The answer to this question may seem clear and straightforward to many: we need to implement an IT change management policy to prevent the risk of loss of system and data integrity. Nobody wants to have corrupt, erroneous or failing information systems. That’s why we need to control IT change management, to prevent these things from happening.
The more challenging question is why we need an administrative process (and burden) based on a standard such as ITIL to document our change management procedures? If everyone strictly follows the rules and makes no mistakes, then why document our decisions and steps in IT change management processes and set up audit trails? We can trust our employees, right?
To understand this, we need to ask ourselves a somewhat controversial question. One that is two-fold. First, we need to ask who’s responsible for preventing a failure in the IT change management process. Secondly, we should ask ourselves who is to be held accountable if a mistake is made along the way, resulting in a negative impact.
Let’s see how organizational responsibility and accountability works in practice. We take the example of a financial information system (ERP) for which we do IT change management. First, we need to have two things crisp and clear:
In answering these questions, let’s see how responsibility differs from accountability. Responsibility is about who is supposed to do what in order to… (prevent the risk of loss of integrity by implementing change management controls). Accountability is about who’s to blame if something bad happens.
Since the implications of both responsibility and accountability strongly depend on the eco-system of an organization, we need to put this in perspective. For instance, for a private organization the eco-systems is quite different from a public company. Because there are no shareholders that can hold the organization accountable. Let’s compare both private and public companies with respect to their internal and external stakeholders to see what this means for IT change management.
Accountability in private companies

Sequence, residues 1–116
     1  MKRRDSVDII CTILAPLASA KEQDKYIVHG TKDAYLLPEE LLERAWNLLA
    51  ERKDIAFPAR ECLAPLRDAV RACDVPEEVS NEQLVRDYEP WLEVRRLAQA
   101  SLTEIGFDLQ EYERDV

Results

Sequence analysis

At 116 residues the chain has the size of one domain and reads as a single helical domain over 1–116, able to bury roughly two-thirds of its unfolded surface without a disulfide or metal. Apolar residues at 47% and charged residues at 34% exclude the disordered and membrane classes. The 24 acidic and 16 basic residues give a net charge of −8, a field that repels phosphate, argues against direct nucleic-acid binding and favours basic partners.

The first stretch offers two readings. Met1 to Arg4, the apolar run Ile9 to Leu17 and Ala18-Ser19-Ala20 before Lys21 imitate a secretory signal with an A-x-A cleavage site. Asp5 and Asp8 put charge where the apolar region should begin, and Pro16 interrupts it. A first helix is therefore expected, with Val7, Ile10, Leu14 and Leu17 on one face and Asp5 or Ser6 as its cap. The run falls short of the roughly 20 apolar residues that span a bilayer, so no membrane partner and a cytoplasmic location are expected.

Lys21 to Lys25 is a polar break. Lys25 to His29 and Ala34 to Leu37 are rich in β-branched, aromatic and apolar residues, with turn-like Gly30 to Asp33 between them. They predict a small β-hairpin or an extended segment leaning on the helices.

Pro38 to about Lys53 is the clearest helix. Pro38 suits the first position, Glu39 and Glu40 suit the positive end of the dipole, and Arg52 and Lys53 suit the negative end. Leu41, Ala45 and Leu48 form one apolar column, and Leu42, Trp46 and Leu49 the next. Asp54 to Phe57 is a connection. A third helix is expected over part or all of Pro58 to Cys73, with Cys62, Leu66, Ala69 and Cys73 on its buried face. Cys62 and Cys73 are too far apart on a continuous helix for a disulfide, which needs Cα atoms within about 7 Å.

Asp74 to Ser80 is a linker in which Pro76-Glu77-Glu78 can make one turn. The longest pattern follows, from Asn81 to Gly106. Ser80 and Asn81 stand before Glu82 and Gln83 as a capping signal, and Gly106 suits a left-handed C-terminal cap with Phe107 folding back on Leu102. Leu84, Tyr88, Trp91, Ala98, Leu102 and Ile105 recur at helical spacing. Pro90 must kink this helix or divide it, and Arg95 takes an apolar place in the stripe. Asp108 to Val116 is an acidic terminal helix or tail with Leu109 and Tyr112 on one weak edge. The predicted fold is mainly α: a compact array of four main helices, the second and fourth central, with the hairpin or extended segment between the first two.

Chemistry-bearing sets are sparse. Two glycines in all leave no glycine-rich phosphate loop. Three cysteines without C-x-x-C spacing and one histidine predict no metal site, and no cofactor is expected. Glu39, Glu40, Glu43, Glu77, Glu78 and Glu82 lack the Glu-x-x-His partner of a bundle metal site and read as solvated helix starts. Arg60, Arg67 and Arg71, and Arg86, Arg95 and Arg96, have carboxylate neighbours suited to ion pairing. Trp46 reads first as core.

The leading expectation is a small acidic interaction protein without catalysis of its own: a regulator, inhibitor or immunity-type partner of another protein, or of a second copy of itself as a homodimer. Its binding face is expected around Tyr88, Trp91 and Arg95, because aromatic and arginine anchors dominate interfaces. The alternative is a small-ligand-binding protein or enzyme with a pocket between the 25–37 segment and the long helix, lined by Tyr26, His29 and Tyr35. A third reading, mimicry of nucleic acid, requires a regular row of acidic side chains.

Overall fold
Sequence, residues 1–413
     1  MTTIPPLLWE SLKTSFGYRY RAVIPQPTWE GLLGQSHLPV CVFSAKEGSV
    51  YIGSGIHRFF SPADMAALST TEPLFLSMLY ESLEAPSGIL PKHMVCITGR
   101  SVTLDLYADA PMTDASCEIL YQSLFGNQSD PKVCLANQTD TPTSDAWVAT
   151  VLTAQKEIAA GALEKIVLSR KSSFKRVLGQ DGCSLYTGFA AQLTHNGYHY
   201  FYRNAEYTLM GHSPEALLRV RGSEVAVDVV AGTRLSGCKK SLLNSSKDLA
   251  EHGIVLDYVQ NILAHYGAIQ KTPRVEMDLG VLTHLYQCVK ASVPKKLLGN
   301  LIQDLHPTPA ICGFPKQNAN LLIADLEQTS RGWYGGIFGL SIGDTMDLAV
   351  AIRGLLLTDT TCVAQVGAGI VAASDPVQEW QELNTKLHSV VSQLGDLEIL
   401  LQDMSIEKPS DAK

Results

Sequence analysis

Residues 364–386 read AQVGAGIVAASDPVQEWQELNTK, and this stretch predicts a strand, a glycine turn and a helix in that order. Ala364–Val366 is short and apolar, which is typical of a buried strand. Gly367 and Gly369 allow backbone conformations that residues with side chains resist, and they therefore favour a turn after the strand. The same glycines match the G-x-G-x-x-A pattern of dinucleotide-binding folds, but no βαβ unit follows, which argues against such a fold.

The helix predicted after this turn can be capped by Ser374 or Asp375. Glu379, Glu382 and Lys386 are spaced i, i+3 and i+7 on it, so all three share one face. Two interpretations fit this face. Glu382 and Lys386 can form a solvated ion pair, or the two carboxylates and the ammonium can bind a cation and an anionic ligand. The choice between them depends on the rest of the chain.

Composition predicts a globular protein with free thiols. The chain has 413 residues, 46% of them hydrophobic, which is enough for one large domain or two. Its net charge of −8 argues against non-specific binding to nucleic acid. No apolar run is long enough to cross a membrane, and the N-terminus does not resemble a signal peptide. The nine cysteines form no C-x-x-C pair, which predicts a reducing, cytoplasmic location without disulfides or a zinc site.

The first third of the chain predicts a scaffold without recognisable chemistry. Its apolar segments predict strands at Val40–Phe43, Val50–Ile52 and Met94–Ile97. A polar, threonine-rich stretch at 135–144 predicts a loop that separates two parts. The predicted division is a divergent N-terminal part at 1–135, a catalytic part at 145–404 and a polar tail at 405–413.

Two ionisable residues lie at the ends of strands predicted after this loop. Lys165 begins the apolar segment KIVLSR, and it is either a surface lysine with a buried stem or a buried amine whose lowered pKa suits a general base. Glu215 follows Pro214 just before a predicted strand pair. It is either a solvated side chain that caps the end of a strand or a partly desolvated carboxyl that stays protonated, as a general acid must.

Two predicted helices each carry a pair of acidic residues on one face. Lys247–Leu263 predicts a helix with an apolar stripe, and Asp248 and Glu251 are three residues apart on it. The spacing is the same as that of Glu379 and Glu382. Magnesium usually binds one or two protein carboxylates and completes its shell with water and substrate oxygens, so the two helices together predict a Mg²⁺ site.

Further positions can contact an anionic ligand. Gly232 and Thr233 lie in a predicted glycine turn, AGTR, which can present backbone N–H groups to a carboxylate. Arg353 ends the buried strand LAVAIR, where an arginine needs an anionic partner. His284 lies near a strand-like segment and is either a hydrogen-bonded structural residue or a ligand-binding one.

In private companies, accountability of financial health of the company stops at the board. The owners of the company, board of directors, are aware of the financial risks they are taking. Financial accountability stops at their level. If things go wrong, it’s their problem.
Accountability in public companies
When we consider public companies however, the board of directors is appointed by and has a reporting obligation towards its shareholders. This changes things. Because shareholders will make decisions on their investments, based on the periodic financial status reports of the company they are investing in.
If the shareholders are unable to rely on the integrity of financial reports, their speculations on market capitalization will be off! Worst case scenario is that shareholders lose interest and confidence in the company. And then what? Who is to be held accountable for that?
This quickly leads us to why we need a well-documented IT change management process in (public) companies. We need to document our IT change management procedures, so that the people in charge of the company can be held accountable by the external stakeholders in case the IT change management process fails. In this example, the external stakeholders are the shareholders.
Let’s clarify where the roles and responsibilities in each part of the IT change management process lies (taking above example):
IT change management policy making is all about allocating responsibility to prevent the loss of integrity in the information system under maintenance. The underlying administrative burden of documenting this process is about identifying accountability in case the process fails and has a potential impact on external stakeholders.
Sign up to our monthly Flow@Work Exclusive newsletter to get free access to our expertise and lots of tips and tricks to make work flow on the Now® Platform.
Governance, Risk & Compliance